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Question: My pain management practice is using two forms of risk assessment questioning for our pain management patients. One is computer-based with staff assistance. The other is done on paper and interpreted by the provider. We were using 96103 (Psychological testing [includes psychodiagnostic assessment of emotionality, intellectual abilities, personality and psychopathology, eg, MMPI], administered by a computer, with qualified health care professional interpretation and report) for the computerized risk assessment. However, the 2019 codes are completely different. Can we code 96146 (Psychological or neuropsychological test administration, with single automated, standardized instrument via electronic platform, with automated result only) for the automated testing and scoring and 96160 (Administration of patient-focused health risk assessment instrument [eg, health hazard appraisal] with scoring and documentation, per standardized instrument) for the paper risk assessment that is scored by the provider?
Question: At the doctor’s office where I work, the patients are often the friends or family members of staff members who assist with the exams. Yesterday, a coworker and I were preparing the charts for the day with our assigned doctor, and my coworker, Jane, told me that one of the patients we were seeing that day was the boyfriend of another coworker, Jill. Later, I happened to be having lunch with Jill in our break room, and she was talking about her boyfriend. I mentioned to her that Jane told me Jill’s boyfriend was coming in for his appointment and asked if Jill was planning on assisting his doctor during the exam. Jill was furious at Jane’s disclosure and said that she would be filing a formal complaint regarding a HIPAA violation. Is this really a HIPAA violation? Could my job really be in jeopardy?
Q: What is the difference between the two types of Remittance Advice Remark Codes (RARC)?
Question: What 2019 CPT updates were made to E/M codes for interprofessional telephone and internet consultations?

Question: I started receiving denials on some of my flu vaccine claims, and my Medicare administrative contractor (MAC) indicated that it couldn’t price the vaccine because I was missing the “NDC.” What is this, and how do I know when to use it?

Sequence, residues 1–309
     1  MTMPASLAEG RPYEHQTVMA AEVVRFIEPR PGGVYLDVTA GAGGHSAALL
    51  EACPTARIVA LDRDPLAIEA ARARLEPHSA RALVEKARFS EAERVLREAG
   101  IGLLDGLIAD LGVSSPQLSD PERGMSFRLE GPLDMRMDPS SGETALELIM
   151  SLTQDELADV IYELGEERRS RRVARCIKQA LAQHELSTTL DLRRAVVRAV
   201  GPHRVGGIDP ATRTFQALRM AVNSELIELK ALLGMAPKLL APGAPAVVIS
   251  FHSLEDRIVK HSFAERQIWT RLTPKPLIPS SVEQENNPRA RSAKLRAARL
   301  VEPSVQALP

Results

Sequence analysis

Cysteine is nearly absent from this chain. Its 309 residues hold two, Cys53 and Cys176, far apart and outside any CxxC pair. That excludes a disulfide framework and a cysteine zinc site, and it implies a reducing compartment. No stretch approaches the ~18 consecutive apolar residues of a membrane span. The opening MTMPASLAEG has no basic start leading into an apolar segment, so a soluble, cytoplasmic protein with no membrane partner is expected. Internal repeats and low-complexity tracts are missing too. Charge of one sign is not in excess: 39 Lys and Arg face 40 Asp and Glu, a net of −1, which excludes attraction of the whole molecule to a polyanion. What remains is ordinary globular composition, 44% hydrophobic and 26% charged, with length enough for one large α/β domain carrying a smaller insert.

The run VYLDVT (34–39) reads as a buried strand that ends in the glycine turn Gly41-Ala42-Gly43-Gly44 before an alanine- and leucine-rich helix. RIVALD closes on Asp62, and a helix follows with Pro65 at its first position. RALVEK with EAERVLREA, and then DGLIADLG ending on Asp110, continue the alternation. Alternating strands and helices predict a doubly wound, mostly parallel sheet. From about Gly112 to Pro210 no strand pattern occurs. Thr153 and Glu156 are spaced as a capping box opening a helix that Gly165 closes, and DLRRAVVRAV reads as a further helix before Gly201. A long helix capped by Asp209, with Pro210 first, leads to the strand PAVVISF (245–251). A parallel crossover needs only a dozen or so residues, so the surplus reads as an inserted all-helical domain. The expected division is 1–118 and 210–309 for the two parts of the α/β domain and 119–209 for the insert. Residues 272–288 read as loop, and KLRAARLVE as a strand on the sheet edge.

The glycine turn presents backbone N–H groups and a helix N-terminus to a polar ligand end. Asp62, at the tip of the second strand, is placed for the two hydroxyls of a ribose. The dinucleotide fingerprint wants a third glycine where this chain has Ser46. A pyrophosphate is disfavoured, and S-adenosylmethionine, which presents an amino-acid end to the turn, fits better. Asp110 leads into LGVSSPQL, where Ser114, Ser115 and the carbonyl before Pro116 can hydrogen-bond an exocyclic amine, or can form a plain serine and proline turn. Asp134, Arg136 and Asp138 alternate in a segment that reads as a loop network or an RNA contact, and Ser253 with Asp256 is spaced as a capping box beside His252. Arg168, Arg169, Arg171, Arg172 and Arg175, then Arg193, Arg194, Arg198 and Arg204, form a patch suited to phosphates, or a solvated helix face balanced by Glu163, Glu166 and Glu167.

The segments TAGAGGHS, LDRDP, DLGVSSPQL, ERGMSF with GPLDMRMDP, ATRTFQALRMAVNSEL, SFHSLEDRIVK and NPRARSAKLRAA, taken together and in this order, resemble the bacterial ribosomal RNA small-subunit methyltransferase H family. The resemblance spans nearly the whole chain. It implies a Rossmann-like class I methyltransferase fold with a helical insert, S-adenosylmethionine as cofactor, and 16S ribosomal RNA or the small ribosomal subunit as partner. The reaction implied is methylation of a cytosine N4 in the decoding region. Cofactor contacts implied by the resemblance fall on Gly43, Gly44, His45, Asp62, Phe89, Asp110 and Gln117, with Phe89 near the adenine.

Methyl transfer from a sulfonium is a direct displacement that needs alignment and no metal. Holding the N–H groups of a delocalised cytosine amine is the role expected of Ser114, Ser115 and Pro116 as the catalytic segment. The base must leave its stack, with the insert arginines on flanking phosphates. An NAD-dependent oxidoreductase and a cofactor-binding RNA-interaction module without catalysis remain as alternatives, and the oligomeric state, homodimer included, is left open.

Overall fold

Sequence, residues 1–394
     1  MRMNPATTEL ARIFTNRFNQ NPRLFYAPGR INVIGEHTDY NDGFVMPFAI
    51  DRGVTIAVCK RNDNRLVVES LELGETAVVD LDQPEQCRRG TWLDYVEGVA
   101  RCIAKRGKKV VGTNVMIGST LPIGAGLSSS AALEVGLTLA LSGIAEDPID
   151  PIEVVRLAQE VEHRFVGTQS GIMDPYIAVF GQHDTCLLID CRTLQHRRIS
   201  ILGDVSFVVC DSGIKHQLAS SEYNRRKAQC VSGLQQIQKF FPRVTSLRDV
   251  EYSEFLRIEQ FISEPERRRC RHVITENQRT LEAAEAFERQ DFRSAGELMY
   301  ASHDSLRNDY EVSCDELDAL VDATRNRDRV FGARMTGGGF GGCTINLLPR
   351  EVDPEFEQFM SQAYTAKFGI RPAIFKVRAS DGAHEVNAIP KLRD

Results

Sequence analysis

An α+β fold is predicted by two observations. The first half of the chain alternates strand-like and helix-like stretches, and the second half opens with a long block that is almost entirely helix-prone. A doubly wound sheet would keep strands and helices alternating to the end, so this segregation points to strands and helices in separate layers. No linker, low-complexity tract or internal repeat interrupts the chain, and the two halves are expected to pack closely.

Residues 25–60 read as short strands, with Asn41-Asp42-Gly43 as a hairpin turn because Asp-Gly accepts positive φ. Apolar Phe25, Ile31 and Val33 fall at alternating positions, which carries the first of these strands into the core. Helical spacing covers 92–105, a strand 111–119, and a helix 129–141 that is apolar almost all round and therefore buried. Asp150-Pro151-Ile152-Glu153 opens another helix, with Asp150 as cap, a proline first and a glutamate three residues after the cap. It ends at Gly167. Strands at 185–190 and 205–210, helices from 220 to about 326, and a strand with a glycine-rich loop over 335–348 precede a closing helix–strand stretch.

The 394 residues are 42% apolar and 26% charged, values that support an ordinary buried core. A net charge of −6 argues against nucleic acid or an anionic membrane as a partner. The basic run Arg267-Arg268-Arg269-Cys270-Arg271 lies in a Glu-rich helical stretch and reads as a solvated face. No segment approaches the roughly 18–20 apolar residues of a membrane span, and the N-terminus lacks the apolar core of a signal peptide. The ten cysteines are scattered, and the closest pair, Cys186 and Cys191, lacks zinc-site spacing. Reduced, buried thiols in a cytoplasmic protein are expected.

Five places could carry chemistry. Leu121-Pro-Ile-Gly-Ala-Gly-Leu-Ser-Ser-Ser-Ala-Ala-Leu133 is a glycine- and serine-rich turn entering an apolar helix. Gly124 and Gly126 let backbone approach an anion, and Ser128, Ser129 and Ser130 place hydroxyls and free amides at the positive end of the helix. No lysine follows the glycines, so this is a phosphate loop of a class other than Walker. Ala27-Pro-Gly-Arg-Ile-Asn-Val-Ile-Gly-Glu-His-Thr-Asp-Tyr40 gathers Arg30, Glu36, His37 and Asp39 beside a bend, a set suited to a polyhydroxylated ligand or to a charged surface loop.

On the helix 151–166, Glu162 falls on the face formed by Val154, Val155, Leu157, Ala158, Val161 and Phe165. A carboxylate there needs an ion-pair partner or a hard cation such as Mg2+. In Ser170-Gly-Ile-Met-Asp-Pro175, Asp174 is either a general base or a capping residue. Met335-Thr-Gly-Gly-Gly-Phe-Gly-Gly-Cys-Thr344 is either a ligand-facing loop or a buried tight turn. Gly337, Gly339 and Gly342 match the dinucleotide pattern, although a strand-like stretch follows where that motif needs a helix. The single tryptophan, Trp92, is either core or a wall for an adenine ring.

Question: I’m confused by vaccine coverage when some of the shots aren’t covered by my payer. For instance, I’m getting denials on tetanus vaccines. How do I know which ones are covered? And what should I do when a patient comes in needing a shot that my practice may not get paid for?
Question: Can an ICD-10-CM body mass index (BMI) code be used as a standalone code? If not, what documentation should we look for to justify the use of a BMI code?
Question: How can I identify a suspended claim? Is there anything that can be done to move a suspended claim forward?
Question: The orthopedic surgeon performed a total shoulder arthroplasty to treat a fracture (code 23472) and in the same encounter, did an open treatment of a proximal humeral fracture (23615) and a biceps tenodesis (23430). Yet codes 23615 and 23430 are bundled as components of 23472 by National Correct Coding Initiative (CCI) edits.This is leading some at our practice to wonder whether it would be better to just submit the fracture reduction and tenodesis codes and skip billing for the arthrodesis. What is the correct response?
Question: We have a commercial payer that dropped a sudden rate change on us with no notice; we only found out via a paid claim. The payer says it notified us of the change 30 days before the date by which we had to approve it, but we never received any notice at all. How can the payer expect to get away with this? 


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